Tarps are extremely versatile sheets of material that you can use in various ways – be it as a sunshade, shelter for you and your gear or as a makeshift tent. The problem is: they can be quite tricky to set up, especially when you start watching all the buschraft and survival hack videos on Youtube where the instructions are far from being comprehensible and in all actually merely based on the YouTuber’s personal preferences. If you then consult instructions provided by bloggers or the manufacturers themselves, you’ll often find them saying that the possibilities are virtually endless.
That’s all well and good, but instead of more detailed information, you usually get advice first, like decide whether your tarp should serve as a sleeping area, a briefing area, sun shade or wind protection.
But, what if I want my tarp to tick off multiple items on that list? How about you tell me which knots to use for a particular setup instead? Yeah, there’s really no end to my list of complaints, so let’s just get started, shall we?
Keep it simple
Setting up a tarp may seem daunting at first, but the good news is: all you have to do is understand the basic setup and all your remaining questions will be answered (more or less)! Once you’ve understood the basic construction, it will be relatively easy to do, even with all the variations mentioned above. Assembly and disassembly should go off without a hitch.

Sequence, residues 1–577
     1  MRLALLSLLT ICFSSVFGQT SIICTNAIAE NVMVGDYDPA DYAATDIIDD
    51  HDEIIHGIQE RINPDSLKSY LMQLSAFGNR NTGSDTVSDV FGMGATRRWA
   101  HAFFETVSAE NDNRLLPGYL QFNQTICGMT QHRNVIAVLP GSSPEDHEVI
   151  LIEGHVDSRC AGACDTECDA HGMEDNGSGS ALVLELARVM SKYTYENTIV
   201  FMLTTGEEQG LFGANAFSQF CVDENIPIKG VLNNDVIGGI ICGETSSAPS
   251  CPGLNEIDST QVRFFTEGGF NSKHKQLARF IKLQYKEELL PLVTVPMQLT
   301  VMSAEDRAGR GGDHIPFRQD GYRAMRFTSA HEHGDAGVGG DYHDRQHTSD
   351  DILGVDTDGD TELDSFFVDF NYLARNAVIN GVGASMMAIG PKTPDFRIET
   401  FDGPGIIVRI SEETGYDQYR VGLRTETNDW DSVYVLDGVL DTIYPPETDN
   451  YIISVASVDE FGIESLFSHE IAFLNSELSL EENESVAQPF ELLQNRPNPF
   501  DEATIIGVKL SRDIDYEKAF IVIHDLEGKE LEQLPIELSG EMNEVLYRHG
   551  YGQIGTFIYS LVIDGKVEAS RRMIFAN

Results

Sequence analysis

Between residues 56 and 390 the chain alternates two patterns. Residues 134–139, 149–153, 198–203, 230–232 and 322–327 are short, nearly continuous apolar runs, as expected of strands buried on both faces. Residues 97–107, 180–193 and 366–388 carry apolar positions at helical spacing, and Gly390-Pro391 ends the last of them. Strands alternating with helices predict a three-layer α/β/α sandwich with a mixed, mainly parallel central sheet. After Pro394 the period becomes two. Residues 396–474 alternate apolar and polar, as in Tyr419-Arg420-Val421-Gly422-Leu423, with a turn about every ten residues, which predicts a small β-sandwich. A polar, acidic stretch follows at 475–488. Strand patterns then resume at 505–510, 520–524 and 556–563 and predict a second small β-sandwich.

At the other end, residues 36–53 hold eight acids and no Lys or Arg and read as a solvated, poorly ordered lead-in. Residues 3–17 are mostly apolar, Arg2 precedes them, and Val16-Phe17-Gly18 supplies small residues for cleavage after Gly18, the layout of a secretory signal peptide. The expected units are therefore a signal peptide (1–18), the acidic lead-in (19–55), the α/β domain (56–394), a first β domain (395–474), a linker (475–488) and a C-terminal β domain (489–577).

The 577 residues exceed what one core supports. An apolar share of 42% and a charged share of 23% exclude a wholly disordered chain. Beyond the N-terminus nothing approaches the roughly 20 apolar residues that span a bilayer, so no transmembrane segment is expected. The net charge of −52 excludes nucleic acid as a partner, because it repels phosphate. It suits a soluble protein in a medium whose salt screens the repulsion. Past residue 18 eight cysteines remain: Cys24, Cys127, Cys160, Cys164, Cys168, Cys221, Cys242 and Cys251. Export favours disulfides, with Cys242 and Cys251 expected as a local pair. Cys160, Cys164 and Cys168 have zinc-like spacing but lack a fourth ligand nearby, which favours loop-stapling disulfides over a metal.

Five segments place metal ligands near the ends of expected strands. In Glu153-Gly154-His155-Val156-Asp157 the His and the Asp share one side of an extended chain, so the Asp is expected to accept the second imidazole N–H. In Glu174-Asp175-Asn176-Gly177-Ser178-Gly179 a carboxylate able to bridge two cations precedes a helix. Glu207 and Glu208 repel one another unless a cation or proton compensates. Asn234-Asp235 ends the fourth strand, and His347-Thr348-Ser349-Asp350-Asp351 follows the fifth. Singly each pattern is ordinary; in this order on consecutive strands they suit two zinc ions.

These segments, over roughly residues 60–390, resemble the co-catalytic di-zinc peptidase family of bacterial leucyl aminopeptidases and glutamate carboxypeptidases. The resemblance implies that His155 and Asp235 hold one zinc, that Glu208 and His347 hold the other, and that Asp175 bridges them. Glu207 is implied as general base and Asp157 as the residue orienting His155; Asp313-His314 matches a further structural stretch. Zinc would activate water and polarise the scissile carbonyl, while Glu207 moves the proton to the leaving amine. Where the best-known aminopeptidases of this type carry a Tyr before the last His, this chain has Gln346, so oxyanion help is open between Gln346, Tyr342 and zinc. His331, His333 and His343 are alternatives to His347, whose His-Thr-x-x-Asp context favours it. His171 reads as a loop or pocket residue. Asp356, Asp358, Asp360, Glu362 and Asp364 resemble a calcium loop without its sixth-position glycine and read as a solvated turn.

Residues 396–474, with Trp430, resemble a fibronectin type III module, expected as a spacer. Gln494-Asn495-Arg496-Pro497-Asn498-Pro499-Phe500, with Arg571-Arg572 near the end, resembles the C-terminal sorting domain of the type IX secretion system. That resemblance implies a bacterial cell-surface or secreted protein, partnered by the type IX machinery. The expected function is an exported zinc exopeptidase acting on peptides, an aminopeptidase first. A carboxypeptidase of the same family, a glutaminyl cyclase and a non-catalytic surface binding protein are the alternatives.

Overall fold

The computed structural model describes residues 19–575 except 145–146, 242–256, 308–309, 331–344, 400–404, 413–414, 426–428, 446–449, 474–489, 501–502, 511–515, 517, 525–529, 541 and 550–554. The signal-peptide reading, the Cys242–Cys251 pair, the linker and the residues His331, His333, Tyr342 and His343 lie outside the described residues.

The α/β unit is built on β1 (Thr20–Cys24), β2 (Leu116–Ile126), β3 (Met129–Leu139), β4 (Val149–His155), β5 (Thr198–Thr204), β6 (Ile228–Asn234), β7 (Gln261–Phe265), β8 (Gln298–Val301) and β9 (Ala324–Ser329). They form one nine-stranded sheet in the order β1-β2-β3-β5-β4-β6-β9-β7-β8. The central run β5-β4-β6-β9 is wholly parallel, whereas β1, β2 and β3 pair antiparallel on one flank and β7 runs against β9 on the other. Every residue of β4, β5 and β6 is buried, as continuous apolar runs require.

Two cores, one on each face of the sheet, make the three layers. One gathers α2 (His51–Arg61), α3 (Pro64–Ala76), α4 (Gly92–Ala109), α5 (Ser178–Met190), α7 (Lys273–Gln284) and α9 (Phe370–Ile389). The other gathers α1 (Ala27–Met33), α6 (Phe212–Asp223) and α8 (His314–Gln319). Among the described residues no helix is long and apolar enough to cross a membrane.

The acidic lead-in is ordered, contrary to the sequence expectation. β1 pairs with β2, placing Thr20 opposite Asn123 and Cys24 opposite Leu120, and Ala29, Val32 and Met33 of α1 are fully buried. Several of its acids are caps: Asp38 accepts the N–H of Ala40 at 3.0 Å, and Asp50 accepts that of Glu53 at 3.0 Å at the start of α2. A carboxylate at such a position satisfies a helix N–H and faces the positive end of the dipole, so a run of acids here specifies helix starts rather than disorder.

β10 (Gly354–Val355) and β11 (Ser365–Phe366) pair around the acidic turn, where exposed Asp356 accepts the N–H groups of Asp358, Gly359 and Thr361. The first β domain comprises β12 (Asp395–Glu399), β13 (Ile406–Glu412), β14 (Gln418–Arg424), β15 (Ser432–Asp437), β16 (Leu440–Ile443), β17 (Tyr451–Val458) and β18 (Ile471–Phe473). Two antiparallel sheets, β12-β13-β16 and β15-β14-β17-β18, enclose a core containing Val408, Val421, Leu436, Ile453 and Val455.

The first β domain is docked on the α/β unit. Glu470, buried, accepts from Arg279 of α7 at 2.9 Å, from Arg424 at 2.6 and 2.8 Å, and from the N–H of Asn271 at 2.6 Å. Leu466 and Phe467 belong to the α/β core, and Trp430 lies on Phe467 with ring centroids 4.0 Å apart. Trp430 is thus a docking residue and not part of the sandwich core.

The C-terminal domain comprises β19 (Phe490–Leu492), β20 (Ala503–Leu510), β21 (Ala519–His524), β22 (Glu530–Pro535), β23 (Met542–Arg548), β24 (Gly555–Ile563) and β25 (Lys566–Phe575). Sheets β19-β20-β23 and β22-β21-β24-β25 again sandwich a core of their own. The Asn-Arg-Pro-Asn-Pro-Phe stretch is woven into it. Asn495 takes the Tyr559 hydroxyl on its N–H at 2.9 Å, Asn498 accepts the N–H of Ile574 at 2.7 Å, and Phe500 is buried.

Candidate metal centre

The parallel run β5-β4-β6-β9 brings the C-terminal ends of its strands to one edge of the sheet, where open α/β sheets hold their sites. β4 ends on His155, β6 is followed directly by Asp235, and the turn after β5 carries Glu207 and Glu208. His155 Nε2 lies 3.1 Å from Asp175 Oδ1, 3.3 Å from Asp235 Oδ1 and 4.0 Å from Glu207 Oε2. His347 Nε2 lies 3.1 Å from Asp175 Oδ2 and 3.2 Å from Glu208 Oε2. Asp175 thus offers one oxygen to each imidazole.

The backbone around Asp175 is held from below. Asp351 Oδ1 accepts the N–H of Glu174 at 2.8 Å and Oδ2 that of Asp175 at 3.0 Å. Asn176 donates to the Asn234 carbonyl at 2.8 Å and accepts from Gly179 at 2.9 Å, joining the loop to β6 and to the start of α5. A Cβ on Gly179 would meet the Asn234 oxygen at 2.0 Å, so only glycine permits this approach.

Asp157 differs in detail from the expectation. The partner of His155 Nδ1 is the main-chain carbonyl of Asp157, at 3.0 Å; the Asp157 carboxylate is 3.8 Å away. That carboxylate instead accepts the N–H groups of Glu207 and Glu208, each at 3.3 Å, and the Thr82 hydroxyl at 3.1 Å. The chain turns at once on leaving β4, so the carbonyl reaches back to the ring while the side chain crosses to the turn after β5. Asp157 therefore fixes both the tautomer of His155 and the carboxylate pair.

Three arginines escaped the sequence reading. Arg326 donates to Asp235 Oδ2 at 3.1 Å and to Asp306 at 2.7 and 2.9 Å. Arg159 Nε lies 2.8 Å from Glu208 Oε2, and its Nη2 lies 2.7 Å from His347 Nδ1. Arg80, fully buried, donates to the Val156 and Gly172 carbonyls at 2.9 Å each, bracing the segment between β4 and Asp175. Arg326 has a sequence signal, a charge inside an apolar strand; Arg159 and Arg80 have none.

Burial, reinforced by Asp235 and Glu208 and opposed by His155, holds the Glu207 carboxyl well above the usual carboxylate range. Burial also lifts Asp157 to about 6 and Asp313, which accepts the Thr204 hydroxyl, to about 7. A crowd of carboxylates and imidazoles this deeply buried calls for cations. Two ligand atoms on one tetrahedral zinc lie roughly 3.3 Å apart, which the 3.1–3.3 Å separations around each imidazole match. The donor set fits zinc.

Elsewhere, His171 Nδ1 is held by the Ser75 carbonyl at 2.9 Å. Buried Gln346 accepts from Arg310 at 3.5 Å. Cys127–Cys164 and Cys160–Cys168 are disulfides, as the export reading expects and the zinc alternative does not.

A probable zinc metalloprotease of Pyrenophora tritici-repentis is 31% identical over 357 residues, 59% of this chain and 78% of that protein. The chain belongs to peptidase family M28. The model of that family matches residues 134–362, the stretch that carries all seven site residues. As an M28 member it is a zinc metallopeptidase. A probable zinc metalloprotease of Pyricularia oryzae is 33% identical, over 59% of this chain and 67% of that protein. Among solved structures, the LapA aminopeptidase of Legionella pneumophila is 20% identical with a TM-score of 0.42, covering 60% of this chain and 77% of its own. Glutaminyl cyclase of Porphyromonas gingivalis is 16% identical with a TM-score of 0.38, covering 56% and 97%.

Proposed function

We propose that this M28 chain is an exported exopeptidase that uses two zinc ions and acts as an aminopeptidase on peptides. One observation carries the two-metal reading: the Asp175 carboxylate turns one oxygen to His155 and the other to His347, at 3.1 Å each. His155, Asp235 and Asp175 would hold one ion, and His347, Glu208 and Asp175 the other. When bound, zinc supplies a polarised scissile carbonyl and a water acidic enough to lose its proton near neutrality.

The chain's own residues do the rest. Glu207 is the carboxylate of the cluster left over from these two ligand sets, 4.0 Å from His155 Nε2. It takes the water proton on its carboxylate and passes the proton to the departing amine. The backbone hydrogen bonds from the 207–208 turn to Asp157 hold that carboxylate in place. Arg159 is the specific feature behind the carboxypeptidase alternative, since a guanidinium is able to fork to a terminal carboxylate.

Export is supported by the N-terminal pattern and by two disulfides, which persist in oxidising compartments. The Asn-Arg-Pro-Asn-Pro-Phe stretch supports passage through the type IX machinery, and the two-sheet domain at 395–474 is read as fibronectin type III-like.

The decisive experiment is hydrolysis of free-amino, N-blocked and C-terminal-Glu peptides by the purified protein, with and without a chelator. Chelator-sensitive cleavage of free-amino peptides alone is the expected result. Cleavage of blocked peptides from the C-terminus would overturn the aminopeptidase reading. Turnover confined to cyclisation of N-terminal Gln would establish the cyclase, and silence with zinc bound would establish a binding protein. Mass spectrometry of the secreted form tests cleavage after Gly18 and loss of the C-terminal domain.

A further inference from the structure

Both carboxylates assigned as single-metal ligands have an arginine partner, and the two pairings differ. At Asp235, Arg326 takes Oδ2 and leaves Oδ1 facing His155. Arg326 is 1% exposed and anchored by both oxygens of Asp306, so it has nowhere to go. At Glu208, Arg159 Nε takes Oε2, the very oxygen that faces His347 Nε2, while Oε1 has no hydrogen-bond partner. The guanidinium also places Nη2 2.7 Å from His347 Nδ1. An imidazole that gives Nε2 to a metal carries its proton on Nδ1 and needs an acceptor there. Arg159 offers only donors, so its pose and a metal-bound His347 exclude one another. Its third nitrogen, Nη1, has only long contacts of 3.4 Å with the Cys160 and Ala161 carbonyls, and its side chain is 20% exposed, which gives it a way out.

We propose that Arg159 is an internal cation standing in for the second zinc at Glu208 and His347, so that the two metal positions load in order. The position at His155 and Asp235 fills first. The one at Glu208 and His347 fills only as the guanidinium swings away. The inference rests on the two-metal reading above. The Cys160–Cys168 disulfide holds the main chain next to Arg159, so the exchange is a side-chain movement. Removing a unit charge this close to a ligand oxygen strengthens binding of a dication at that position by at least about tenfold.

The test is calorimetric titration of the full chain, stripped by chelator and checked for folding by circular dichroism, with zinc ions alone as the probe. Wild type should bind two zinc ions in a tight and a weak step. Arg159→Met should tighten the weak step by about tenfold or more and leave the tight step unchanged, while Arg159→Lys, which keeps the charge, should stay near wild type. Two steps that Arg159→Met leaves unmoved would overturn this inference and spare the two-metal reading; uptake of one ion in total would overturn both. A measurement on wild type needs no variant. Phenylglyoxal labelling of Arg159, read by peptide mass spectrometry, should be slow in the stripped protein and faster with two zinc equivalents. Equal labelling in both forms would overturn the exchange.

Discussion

To keep things simple, we’d like to teach you how to set up a tarp without all the poles, pegs, guy lines and the like. That way, you won’t be completely helpless if something breaks during your holiday. Plus, you’ll be able to leave all the little metal and plastic bits at home and save some weight as well!
The basic construction
Here’s the basic construction: you have a square tarp with eyelets or the like at each of the four corners to which a long cord is attached. And a single person who sets it up. The tarp is spread out between four trees that just so happen to be standing about two metres away from the corners of the tarp. A short time later, the tarp is pulled tight between these trees, shielding you from the rain. This is the setup we’re going for.
Where to set up your tarp
The first step is to find a suitable place to set up your tarp. The same criteria apply to selecting a site for your tarp as for a tent: find a natural windbreak and avoid water-related issues. Other than that, the site should be spacious enough for you to sit or lie down comfortably and offer enough anchor points to secure the tarp.
The site should have at least four fixed points, or one cliff edge or the like along with three other anchors. If you only have three, one corner of the tarp will always flutter in the wind and/or hang in rainwater.
It’s always better to look for a potential site in advance than to find out later you don’t have enough space to put up your tarp or that the lines are too short and you have nothing to extend them with. Which is why you should know the dimensions of your tarp and the length of the lines!
This may sound trivial, but it’s not, especially if you borrow the tarp last minute or are travelling with a friend and use their tarp (the tarp set up with two or more people can make things easier or even super complicated – more on that later).
The setup: Spread out your materials
Once you’ve found your ideal site, spread out everything you’ll need for assembly and move anything that might get in the way off to the side.
Got your pegs and poles?